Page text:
I eventually resolved the problem by process of elimination, removing likely candidates from the solution until I could export successfully. It turned out to be an errant Routing Rule Set which was configured for forwarding to a queue but the queue wasn’t defined. Since you can’t create a rule and forward to a queue without defining the queue, I assume it must be due to the solution having originally been imported unmanaged and the queue name defined in the Rule Set not existing on import.

If you’re struggling with a solution export, import or delete I’d recommend verifying the Routing Rule Sets and Case Creation Rules first.

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CRM 2013 Issue – systemform With Id = {guid} Does Not Exist

Solution Import Error systemform With Id = {guid} Does Not Exist

I was struggling with this error recently whilst trying to import a managed solution into a CRM 2013 SP1 integration environment.  It turns out that the form that it was telling me didn’t exist was a Quick Form that did!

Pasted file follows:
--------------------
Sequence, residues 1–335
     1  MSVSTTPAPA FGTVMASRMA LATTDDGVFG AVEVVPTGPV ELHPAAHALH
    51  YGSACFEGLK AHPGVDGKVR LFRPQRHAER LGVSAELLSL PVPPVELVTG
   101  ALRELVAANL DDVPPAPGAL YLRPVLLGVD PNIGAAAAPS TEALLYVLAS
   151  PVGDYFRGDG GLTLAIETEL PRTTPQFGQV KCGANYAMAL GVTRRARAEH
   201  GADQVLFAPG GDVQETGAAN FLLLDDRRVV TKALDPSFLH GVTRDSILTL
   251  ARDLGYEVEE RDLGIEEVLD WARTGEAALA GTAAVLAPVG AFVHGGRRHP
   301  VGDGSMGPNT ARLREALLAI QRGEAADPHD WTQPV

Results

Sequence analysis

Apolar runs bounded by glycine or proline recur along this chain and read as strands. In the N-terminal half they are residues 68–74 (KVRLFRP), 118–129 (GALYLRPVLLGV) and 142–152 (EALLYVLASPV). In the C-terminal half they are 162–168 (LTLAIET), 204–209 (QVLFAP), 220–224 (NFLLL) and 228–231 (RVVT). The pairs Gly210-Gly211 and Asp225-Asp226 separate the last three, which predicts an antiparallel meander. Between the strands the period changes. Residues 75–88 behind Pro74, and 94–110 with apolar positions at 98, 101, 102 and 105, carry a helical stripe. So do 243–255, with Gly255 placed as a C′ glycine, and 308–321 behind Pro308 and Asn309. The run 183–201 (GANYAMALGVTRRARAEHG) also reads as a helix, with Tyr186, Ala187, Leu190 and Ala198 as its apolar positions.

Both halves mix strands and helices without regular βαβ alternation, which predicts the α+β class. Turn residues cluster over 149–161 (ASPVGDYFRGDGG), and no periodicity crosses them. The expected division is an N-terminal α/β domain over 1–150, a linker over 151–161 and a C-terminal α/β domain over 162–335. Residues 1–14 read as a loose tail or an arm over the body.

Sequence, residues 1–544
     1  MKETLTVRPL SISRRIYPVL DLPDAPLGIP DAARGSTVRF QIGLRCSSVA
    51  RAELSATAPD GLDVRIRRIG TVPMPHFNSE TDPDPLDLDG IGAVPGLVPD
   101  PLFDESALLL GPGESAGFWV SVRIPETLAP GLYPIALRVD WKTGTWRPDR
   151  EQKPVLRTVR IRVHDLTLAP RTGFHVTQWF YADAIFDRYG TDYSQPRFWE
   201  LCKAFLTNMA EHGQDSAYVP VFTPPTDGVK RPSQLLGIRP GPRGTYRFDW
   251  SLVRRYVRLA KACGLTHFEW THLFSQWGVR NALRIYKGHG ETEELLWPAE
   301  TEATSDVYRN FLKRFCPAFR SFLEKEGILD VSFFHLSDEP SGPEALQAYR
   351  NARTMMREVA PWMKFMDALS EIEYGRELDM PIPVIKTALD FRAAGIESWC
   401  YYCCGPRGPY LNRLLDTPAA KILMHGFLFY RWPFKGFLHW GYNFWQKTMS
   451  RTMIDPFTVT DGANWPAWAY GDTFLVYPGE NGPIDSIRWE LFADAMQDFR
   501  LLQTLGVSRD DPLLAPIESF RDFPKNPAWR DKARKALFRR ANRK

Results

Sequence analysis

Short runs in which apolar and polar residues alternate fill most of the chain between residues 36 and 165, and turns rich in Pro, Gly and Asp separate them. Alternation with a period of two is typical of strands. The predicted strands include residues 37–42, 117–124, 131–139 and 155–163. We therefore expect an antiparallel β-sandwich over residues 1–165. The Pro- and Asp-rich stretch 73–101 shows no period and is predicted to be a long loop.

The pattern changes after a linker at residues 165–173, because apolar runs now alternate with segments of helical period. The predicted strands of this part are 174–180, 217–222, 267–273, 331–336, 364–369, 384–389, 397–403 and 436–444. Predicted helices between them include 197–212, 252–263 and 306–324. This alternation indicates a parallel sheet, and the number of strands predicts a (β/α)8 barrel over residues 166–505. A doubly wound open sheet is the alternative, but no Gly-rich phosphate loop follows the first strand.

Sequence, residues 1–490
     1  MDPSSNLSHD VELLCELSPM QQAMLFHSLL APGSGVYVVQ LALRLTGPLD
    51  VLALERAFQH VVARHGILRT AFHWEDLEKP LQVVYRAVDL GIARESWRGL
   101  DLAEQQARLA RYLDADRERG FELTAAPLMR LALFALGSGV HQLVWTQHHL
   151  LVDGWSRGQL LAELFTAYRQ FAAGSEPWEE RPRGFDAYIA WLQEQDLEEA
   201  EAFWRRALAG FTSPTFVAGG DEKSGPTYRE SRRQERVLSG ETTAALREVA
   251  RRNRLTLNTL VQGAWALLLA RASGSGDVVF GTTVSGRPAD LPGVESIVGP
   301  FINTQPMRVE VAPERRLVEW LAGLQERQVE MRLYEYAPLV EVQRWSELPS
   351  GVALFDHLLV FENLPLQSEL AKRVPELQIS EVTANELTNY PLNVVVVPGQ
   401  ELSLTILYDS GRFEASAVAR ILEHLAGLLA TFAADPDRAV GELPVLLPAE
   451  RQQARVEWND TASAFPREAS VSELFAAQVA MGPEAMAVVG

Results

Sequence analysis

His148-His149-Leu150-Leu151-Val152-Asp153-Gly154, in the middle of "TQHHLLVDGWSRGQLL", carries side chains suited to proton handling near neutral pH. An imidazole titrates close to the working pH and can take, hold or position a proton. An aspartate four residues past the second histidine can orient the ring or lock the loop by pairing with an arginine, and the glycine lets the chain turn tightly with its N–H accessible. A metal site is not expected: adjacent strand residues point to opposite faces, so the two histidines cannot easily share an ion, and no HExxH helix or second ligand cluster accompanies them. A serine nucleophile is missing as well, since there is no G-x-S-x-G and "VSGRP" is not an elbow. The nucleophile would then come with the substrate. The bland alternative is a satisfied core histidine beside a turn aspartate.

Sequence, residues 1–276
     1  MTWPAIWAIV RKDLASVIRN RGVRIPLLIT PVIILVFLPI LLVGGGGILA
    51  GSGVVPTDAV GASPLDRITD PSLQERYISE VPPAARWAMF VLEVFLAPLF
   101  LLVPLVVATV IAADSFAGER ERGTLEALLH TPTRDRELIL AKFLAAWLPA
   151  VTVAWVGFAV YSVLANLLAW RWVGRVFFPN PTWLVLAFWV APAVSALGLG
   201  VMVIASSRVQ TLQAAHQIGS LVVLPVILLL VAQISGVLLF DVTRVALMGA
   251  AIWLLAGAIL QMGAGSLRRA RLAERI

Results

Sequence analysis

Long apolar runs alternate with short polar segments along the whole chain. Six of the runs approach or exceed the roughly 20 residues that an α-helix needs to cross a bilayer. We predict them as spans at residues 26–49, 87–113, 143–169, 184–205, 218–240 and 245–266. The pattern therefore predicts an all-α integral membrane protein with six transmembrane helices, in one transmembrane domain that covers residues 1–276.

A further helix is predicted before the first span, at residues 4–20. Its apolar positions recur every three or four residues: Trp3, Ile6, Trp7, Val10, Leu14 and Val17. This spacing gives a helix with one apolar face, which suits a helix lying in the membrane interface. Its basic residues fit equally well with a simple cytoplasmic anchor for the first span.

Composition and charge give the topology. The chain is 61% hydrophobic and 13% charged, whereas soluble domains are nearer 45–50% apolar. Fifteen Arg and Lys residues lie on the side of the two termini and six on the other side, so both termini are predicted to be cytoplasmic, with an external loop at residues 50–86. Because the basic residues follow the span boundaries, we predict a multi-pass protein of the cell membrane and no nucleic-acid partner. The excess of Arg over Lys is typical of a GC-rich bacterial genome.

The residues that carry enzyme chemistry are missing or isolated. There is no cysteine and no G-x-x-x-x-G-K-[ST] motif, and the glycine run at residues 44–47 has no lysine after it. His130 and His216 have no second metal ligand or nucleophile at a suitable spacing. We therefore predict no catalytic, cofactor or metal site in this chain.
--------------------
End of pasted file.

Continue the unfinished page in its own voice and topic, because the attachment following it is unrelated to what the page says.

Having confirmed the form existed in the org and solution I exported from I decided to open up the zip file to have a look through the customizations.xml file. I searched for the guid and could see that the Quick View form was as expected included correctly and the reference to it from the related form was also included.

The only thing I could think was that the form that referenced the quick view form was included in the Xml before the actual form that contained the quick view definition. I moved the element containing the quick view form above the that was referencing it, repackaged and tried again. This time the import work successfully!